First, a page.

My daughter Evelyn and I sat on her bedroom floor and dumped out the contents of her silver piggy bank onto the grey carpet. I helped her carefully count out five dollars, mostly nickels and dimes. She put the fistful of change in a plastic bag.
“Are you sure you want to do this?” I asked.
“Yes, Mama. I’ll save more for the puppy purse.” Suddenly Evelyn’s eyes clouded over. “What if someone buys the purse before me?”
“That’s a chance you’ll have to take.” I replied. “What you do with your allowance is your decision.”
My four-year old had spotted a puppy purse in the shoe store several weeks ago. It was just like the one her friend has, with a fluffy white head and a brightly coloured sequin body. It was one of those toys that I knew would only hold her interest for a short time.
To be truthful, she had responded rather poorly in the store when I told her that I wouldn’t buy it for her. But no means no. We don’t just buy things for our children because they want them. So I explained to her that, if it was really important to her, she could either earn money for it by doing extra chores around the house (in addition to the things normally expected of her) or she could ask for it for Christmas. Evelyn decided to do the extra chores.
But now there was a festival in a large park nearby. And there were ponies. If there is one thing in the world that my daughter loves, it’s anything equine.
As a parent, there are many times when I want to give my children everything they want. Although there is nothing wrong with blessing your children, you do them a disservice when you spoil them. When I look around, I see a generation of kids growing up with a sense of entitlement. How can someone become a productive member of society if they are accustomed to having everything handed to them on a silver platter?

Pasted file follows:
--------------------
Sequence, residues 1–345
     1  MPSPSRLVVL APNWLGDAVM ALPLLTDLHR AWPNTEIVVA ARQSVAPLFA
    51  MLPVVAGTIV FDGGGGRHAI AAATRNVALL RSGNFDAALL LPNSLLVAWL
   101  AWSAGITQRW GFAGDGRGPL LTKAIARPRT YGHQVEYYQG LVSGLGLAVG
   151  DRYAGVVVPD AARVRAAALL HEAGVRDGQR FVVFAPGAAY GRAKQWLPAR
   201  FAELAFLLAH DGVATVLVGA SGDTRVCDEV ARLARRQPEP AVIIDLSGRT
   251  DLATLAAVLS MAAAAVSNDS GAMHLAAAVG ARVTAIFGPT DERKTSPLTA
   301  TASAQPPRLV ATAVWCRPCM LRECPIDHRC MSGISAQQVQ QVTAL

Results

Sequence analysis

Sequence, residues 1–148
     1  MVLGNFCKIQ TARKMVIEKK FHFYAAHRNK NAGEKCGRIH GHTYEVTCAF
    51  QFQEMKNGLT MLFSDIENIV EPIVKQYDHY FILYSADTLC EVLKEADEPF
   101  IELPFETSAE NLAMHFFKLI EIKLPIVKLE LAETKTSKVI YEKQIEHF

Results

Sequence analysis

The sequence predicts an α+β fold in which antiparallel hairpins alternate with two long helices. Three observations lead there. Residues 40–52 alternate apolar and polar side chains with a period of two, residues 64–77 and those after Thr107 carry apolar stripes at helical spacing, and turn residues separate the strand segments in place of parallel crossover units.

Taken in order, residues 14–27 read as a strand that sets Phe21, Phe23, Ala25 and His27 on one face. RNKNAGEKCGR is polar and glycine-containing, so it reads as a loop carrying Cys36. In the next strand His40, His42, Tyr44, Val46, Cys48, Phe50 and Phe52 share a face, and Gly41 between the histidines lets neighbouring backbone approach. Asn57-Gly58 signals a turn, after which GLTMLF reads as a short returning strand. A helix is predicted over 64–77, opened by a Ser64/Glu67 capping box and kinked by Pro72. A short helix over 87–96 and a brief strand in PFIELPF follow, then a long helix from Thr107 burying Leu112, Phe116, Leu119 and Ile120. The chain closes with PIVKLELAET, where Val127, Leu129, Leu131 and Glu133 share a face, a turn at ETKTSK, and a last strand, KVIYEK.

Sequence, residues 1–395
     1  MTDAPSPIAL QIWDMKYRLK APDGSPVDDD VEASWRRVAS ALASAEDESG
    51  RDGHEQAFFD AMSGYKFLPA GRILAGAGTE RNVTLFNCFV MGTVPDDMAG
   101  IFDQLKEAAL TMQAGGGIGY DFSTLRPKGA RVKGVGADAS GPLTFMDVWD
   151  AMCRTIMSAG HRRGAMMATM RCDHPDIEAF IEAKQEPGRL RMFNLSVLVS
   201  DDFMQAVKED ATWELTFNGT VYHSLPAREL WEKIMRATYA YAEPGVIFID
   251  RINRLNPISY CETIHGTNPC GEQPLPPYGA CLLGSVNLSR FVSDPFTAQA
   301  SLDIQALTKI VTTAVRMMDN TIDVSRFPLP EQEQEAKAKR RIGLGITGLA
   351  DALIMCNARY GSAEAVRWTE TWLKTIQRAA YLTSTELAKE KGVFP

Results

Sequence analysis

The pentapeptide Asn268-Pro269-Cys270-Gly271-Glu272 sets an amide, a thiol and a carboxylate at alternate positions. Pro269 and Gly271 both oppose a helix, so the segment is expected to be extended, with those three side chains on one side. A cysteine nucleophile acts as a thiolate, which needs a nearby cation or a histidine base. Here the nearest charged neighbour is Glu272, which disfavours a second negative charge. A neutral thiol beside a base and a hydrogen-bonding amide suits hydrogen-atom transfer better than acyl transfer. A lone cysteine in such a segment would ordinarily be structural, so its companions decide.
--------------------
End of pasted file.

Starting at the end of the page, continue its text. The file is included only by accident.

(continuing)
It’s okay say no. It’s okay for children to sometimes have to earn things. In fact, it’s a good thing. It teaches children about the value of work and of money. It teaches them decision-making skills. And it gives them a sense of ownership for those decisions.
Today, Evelyn had to make a choice. Use her allowance for a pony ride? Or continue to save for a puppy purse?
Evelyn chose to spend her allowance on a pony ride. This is the second year in a row, actually, that she has chosen to do this with her allowance. The look on her face when she is riding a pony says it all.
And the memories will last a lifetime.